Castalia finds that although Australia’s “activity-based” approach allows a wider range of activity to continue than New Zealand’s “bubble” approach, which constrains activity, the epidemiological results of Covid infection cases and death are similar.
Study led by John P. A. Ioannidis, Stanford University, finds people <65 years old have very small risks of COVID-19 death even in the hotbeds of the pandemic and deaths for people <65 years without underlying predisposing conditions are remarkably uncommon. Concludes that strategies focusing specifically on protecting high-risk elderly individuals should be considered in managing the pandemic.
Data and case – world map. Updated.
A study, led by Professor Joseph Wu of the University of Hong Kong, and colleagues at Harvard University analysed published data on 425 early confirmed cases and 41 fataliites in Wuhan.
They found that overall, the proportion of patients that died was 1.4 per cent
The World Health Organization said in early March the death rate was 3.4 per cent.
A scientific paper by experts in Medicine, Epidemiology and Statistics, estimates actual death rate 0.04%-0.12%
A paper, Early epidemiological assessment of the transmission 1 potential and virulence of coronavirus disease 2019 2 (COVID-19) in Wuhan City: China, January-February, 2020, found a death rate much lower than estimated by the WHO when New Zealand considered lockdown.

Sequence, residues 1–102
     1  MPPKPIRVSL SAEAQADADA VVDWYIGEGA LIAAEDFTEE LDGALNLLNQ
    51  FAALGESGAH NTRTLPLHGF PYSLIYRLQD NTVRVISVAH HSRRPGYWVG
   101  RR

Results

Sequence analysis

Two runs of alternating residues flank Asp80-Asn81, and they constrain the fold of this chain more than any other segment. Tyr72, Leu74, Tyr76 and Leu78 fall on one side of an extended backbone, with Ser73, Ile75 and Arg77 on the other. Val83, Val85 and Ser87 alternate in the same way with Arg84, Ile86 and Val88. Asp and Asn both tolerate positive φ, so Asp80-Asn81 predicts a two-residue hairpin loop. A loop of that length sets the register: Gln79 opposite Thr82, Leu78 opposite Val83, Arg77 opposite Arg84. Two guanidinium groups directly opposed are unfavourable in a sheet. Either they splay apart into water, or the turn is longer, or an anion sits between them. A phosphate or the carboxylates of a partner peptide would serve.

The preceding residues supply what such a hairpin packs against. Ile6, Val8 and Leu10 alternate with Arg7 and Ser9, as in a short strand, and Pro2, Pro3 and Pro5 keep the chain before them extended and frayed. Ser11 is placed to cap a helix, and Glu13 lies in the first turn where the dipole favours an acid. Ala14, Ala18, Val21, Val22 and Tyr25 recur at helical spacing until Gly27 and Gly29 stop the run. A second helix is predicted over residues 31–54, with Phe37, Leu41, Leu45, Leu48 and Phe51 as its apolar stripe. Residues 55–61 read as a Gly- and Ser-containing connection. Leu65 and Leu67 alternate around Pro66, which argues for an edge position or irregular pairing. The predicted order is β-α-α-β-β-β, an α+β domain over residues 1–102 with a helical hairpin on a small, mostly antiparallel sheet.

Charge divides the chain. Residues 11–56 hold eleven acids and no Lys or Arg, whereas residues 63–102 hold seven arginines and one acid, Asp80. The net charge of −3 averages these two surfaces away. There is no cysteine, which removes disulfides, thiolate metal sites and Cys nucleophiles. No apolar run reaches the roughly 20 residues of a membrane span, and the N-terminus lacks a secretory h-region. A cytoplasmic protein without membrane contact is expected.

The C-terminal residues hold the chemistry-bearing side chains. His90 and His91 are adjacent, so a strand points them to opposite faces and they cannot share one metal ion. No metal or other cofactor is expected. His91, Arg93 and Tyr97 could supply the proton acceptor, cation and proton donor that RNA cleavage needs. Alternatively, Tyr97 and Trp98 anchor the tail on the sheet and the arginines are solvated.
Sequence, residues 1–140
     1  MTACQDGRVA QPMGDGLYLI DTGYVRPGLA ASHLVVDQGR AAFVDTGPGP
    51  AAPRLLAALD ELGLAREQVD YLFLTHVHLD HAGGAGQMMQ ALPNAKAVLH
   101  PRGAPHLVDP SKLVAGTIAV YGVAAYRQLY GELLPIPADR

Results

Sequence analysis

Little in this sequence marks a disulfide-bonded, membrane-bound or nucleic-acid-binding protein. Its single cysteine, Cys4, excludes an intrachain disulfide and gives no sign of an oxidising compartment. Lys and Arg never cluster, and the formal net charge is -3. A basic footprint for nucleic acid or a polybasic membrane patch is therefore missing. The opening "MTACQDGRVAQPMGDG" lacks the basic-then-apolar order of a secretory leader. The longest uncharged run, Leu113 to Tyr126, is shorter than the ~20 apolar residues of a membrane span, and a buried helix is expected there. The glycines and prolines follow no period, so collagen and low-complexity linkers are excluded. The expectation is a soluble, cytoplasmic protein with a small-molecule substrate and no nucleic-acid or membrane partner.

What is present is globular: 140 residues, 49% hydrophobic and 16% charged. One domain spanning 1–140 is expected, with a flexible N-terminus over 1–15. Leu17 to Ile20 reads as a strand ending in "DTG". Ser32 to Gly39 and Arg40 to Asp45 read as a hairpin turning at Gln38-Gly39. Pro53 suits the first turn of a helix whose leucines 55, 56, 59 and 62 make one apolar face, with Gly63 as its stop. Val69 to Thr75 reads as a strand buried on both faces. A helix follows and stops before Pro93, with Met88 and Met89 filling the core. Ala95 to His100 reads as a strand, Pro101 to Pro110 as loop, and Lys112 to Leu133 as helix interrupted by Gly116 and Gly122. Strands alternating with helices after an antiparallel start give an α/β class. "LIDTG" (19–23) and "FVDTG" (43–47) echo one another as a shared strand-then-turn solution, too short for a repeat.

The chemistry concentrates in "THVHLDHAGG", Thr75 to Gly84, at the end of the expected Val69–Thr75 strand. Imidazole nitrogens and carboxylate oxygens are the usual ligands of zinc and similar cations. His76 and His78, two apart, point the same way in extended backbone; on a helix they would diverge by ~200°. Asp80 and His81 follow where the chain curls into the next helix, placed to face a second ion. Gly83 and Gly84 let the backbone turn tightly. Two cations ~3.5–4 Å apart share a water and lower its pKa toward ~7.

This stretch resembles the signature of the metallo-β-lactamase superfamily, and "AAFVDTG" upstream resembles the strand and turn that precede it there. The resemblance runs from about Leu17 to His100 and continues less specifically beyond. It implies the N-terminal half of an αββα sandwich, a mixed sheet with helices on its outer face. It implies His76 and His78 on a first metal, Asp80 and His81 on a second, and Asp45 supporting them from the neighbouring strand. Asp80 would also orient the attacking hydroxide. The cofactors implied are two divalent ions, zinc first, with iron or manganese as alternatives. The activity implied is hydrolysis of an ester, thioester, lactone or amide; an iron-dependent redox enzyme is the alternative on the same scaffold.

We also found that 50 most recent crude infection fatality ratio (IFR) and time–delay adjusted IFR is estimated 51 to be 0.04% (95% CrI: 0.03%–0.06%) and 0.12% (95%CrI: 0.08–0.17%), which is 52 several orders of magnitude smaller than the crude CFR estimated at 4.19%.
The paper was published by Kenji Mizumoto, Katsushi Kagaya, and Gerardo Chowell.
Dr. Mizumoto is a Professor at the Graduate School of Advanced Integrated Studies in Human Survivability, Kyoto 7 University Yoshida–Nakaadachi–cho, in Sakyo–ku, Kyoto, Japan/
Drs. Mizumoto and Kagaya, are also researchers at the Hakubi Center for Advanced Research, Kyoto University, Yoshidahonmachi, in Sakyo–ku,Kyoto, Japan.
Drs. Mizumoto and Chowell teach at the Department of Population Health Sciences, School of Public Health, Georgia State 11 University, in Atlanta, Georgia, US.
Dr. Chowell is a researcher at Seto Marine Biological Laboratory, Field Science, Education and Reseach Center, 13 Kyoto University, in Shirahama–cho, Nishimuro–gun, Wakayama, Japan.